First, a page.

The larger global distributors (Arrow, Avnet, TTI) that supporting large-volume purchasers have design-chain focused broadline/high service distribution brands within their corporate umbrella. For Arrow, Avnet and TTI, these are Verical, Newark/Premier Farnell and Mouser Electronics, respectively. These high service distributors intend to feed business to their higher-volume production cycle supporting counterparts as customers move from design stage to volume production capacity levels.
For high service and volume distributors alike, there are a number of key strategic areas of focus that are emerging and will help to differentiate the winners from the losers over the next 18+ months of unique market conditions. Here are 5 areas that distributors should be focusing on.
1. Become a bigger bank through smart business integrations
For the larger global distributors, developing methodology to surface stock availability across both the volume and broadline brands within the company’s portfolio simultaneously will be a key enabler, as customers used to buying volume may be put in a position to now seek to purchase from broadline, and vice versa. Doing so demonstrates the full available product portfolio of the overall business to customers wherever they’re looking, and protects against the customer seeking to purchase from outside the family of brands. Linking of user accounts and purchasing credit availability between the multiple brands within each organization to remove potential barriers to purchase is another important opportunity, though difficult to implement without supporting infrastructure investments.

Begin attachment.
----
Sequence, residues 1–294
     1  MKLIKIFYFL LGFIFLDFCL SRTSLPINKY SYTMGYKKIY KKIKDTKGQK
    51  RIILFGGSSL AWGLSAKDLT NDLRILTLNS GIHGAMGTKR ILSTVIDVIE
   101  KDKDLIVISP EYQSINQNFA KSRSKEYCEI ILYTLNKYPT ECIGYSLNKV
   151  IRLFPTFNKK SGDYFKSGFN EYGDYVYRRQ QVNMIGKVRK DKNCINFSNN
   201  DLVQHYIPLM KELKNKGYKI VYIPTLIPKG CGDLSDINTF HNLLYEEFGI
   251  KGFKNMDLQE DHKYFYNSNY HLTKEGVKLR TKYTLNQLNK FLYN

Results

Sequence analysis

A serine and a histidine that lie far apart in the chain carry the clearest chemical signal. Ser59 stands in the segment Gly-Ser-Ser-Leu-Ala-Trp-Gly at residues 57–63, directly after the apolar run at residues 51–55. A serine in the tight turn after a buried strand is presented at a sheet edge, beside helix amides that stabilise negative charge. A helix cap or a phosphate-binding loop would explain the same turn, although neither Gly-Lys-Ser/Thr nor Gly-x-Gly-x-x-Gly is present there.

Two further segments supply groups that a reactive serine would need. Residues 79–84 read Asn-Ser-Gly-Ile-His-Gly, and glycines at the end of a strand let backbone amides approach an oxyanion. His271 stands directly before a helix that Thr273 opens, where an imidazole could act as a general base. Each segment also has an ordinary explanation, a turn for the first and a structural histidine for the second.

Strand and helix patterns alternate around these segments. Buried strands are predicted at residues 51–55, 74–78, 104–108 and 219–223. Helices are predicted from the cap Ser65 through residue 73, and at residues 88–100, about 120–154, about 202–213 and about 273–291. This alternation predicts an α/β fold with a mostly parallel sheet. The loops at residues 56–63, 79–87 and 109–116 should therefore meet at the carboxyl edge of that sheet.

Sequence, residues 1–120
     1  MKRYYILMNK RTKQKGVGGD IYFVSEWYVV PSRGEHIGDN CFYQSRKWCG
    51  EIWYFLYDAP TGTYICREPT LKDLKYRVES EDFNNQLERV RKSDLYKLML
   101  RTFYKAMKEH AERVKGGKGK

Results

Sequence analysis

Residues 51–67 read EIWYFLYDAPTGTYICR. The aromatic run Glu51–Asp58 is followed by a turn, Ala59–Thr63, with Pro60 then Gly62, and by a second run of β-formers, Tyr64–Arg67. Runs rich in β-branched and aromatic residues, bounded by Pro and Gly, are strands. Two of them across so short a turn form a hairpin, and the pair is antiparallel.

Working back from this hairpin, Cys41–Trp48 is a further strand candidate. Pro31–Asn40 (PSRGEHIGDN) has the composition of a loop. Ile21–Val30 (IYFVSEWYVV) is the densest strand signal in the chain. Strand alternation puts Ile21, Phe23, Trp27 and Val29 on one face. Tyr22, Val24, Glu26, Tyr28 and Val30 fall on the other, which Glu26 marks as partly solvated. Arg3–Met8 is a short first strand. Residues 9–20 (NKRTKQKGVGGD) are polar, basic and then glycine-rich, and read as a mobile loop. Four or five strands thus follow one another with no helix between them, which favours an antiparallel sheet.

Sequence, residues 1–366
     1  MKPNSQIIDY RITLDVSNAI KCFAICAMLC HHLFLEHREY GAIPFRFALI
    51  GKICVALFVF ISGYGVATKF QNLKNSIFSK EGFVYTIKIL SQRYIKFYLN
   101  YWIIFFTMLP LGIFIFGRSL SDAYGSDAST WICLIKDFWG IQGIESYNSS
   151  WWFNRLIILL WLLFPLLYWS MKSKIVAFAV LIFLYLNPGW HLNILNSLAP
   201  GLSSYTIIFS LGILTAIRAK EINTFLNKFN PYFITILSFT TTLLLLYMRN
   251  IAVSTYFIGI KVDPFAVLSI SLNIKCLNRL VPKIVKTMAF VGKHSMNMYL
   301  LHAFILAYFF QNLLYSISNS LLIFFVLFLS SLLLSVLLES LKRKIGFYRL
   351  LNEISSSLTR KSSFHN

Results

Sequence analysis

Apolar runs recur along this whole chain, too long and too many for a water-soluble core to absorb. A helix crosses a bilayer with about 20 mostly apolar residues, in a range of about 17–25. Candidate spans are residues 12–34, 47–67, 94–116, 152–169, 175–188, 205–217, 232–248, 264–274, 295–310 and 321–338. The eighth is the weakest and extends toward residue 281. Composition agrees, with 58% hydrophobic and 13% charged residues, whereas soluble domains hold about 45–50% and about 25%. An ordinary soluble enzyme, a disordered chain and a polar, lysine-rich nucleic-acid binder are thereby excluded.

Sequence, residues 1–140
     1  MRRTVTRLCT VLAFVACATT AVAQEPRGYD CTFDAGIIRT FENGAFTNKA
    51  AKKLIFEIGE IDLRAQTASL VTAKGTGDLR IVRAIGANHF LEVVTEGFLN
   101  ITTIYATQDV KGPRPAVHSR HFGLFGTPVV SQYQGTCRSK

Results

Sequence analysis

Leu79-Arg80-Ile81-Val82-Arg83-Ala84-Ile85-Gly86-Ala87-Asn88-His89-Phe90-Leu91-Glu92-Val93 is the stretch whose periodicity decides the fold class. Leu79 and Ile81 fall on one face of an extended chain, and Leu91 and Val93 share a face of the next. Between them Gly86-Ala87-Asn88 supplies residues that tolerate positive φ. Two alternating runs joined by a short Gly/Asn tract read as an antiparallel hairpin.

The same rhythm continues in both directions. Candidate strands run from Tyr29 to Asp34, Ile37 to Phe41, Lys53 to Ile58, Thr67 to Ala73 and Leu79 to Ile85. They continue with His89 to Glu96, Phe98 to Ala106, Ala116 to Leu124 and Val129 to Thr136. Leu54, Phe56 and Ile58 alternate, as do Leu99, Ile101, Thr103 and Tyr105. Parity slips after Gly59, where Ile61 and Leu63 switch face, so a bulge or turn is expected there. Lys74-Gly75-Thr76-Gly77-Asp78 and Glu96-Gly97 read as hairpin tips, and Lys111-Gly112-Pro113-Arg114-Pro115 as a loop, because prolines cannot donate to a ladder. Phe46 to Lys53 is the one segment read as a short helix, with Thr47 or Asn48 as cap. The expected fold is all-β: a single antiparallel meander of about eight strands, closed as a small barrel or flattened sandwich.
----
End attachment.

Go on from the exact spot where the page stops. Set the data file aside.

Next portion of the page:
As component manufacturers also are struggling to keep up with demand, lead times will continue to be a major issue. Assuring supply through a strong stocking position in this circumstance is undoubtedly a better proposition for a distributor when possible to do so, against relying on supplier lead time alone. Distributors should scorecard their suppliers for accuracy and adherence to lead-times, and monitor their performance against this. This becomes especially important during times of supply chain shortages, and will enable the distributor to provide adequate warning to customers should delivery become lead time issues emerge.